Wednesday, 5 October 2011

The World Curry Festival - Leeds


Just a short post about The World Curry Festival that took place in Leeds last weekend...

Apologies for the photo quality, I was in such a hurry to get there I didn't pick up my camera. I did have my trusty iPhone with me which I think held up quite well on this occasion.

I'm sure most of you reading will already know something about the World Curry Festival or have at least heard of it (or seen it). This year was the second Word Curry Festival to be held in Leeds. Last year's was such a success they decided to do it all over again this year (Yipee).


There are many different layers to festival, including stalls from local sellers and your more high street sellers such as 'Pataks', to your local restaurants serving fresh food, and a main demonstration stage where several famous and non-famous cooks staged their own unique presentations.

I planned ahead and booked tickets... only to be told that tickets didn't guarantee entry... and when we got there we didn't see anybody asking people if they had prebooked... not entirely sure what the point was?

Morrisons was one of the big sponsors and had their own stages for their very own presentations between the main ones. They had laid out a few displays of fruit and vegetables typically used in Eastern recipes.




I really do hope you can get all the produce they had on show in Morrisons as I know my local Tesco definitely doesn't stock half of this. If I ever need lemongrass that doesn't come powdered in a plastic tub I have to source my ingredients from Leeds Market.

There were several restaurant stalls, with promoters out and about milling in the crowds trying to entice you to their stalls with suave conversation or freebies. One of the most popular stalls was a Bradford based restaurant who were offering £5 all you can eat buffet.


One example of the local sellers stalls was this one below which is a wholesaler who sell speciality equipment, the things you would normally find in your local Indian restaurant that you would struggle to find in Argos....


Unfortunately I lost the leaflet they gave me. I was surprised to find that most of their wares were reasonably priced and not overly expensive due to not being available mainstream.

I stumbled in to the main demonstration area at exactly the right moment and managed to catch a presentation by 'The Grand Master' Hemant Oberoi. With great seats as well although I have a feeling sat so close to the front I was caught on camera a few times... there was a lot of 'press' in the tent.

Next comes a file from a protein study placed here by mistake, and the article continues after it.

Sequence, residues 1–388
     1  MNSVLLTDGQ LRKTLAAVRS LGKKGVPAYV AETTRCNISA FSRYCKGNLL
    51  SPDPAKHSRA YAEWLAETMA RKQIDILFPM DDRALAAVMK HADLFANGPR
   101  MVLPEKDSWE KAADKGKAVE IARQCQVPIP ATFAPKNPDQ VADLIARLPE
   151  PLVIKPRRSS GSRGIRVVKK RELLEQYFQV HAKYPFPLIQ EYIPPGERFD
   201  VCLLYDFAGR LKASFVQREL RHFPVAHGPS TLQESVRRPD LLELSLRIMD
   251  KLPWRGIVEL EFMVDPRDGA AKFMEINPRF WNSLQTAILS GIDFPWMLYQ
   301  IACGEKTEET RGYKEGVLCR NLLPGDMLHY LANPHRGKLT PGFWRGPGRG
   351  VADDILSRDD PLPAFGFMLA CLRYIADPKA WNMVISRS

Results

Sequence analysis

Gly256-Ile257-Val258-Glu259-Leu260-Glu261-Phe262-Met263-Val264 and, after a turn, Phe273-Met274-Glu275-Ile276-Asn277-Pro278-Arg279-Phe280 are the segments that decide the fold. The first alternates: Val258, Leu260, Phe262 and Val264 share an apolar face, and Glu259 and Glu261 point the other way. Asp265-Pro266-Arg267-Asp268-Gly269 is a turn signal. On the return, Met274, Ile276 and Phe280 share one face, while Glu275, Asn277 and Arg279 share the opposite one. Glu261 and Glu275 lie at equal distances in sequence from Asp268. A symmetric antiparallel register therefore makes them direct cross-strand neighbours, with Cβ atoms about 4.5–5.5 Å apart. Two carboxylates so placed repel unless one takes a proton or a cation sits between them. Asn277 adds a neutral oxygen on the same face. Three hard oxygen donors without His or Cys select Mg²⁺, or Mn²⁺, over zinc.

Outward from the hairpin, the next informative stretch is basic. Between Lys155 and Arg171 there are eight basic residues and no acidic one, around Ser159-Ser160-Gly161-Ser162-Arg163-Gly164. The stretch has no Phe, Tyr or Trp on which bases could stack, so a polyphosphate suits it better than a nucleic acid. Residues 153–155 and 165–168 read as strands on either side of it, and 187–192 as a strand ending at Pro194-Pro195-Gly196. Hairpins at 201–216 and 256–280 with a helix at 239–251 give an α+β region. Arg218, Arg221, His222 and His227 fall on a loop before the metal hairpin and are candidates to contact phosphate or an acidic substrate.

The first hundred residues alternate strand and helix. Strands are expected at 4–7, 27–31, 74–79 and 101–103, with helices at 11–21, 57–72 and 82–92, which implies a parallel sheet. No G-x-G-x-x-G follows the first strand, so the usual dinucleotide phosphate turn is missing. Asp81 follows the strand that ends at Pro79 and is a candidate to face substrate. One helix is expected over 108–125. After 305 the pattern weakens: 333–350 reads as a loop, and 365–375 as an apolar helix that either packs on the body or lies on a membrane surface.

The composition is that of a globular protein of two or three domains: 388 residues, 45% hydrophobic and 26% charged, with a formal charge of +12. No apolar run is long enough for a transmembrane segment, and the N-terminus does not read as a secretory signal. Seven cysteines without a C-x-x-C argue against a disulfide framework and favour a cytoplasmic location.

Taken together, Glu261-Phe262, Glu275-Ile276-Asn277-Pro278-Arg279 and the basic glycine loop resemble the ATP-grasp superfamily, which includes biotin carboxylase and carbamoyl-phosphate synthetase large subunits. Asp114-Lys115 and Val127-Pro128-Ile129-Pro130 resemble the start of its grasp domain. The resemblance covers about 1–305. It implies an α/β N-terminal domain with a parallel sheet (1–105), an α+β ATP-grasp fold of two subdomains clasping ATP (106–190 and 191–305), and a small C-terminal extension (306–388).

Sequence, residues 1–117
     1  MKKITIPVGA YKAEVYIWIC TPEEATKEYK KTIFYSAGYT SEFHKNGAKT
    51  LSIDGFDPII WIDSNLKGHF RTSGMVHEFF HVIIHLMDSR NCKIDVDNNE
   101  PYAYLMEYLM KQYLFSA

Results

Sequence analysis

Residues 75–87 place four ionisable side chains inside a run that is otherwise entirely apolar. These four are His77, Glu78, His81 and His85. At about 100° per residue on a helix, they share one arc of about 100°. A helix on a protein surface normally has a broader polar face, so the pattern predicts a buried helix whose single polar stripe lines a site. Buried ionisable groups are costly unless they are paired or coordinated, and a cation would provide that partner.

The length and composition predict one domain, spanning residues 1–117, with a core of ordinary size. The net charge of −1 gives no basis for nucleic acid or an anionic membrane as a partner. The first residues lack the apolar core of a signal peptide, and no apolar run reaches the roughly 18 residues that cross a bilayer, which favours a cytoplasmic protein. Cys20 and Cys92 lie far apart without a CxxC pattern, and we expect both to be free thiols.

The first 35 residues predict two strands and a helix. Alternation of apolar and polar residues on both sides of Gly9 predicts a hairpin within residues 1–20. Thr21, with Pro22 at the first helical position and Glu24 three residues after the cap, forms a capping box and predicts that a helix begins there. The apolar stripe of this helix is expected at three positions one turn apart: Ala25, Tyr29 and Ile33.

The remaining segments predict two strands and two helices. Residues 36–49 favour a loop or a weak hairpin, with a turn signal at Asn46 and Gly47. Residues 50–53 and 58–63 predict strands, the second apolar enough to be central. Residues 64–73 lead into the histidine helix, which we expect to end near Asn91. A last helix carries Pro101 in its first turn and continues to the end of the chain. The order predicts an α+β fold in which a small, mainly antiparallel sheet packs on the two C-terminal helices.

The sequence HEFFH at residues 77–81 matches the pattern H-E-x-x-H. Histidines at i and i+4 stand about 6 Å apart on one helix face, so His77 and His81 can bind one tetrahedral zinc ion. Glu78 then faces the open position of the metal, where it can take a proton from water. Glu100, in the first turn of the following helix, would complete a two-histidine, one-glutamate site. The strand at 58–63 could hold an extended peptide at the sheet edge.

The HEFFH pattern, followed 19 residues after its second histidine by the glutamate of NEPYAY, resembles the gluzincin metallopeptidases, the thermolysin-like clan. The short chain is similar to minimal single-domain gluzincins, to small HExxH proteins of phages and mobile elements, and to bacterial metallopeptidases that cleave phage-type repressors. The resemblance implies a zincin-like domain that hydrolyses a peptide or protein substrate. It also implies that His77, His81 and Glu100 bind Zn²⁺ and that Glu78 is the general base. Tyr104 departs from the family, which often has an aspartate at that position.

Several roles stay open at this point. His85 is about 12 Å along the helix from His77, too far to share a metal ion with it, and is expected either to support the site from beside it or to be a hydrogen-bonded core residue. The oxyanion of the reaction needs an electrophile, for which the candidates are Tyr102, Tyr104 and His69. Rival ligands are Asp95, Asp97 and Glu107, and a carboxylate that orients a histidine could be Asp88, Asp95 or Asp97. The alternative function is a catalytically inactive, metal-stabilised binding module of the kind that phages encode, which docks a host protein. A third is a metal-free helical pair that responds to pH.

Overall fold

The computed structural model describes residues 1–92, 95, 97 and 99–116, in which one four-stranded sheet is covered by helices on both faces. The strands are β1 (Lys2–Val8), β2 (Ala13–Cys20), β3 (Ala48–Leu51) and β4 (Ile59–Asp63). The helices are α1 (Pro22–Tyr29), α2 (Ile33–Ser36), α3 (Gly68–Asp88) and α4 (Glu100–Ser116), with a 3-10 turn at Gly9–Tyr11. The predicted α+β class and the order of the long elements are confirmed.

Hemant Oberoi is the Grand Executive Chef of the Taj Mahal Palace and Towers. He has made his way right from the botttom to the very top. He heads a number of hotel restaurants and has fed many famous mouths. He has suffered heartbreak and sorrow during the 2008 Mumbai terrorist attacks when 7 of his own chefs sadly lost their lives. You could feel the pain in his voice as he told us about this. However he is in general a very cheery, heart-warming and wise man (and also clearly very clever and a great chef!).

He was very laid back throughout the demonstration and didn't lose his temper once with the interviewers senseless and dumbing questions. He gave not only advice for food but advise for life. A couple of his phrases will stick with me for life.

"You can't make curry in a hurry, making short cuts in cooking is making short cuts in life and why would you want to cut your life short?"

"We in Indian only count calories after we have eaten" whilst laughing and shaking his head when the interviewer asked him if you could you use reduced fat cream.

He also told us about Garam Masala and that everyone will taste different largely depending upon how you roast it and how long for, a lot of people these days take short cuts and the taste isn't nearly as complex. I wish I knew where I could get Garam Masala that has been made with love and care.

At the end of the demonstration everyone had the chance to queue for a picture of the finished meal and also have a bite-sized sample. We were lucky to be sat on the second row and so were one of the first to get a picture and a sample. It was a little bit crazy everyone trying to get a taste of a master chefs creation. The sample was small but mighty. The flavours were like nothing I have ever tasted before and yet he used all the same ingredients I use at home. It was spicy but not overly so, there were so many flavours coming through even after I had swallowed I would have no problem in finishing a full plate of this.

(That basket-like thing is made from potato)

I have since learnt after watching this demonstration by the Hemant Oberoi how truly wonderful he is. During the Mumbai terrorist attacks Hemant continued to serve the hotel guests amid bullets and grenades trying to keep calm in a very terrifying situation. Hemant also managed to save some guests by ordering everyone to close all windows and doors and turn off the lights which meant the terrorists passed by these restaurants. A truly astonishing man.

After the demonstration you were able to buy his book for a reduced price of £20 and he would personally sign it for you too. I really regret not doing this especially when I found out how much it was on Amazon.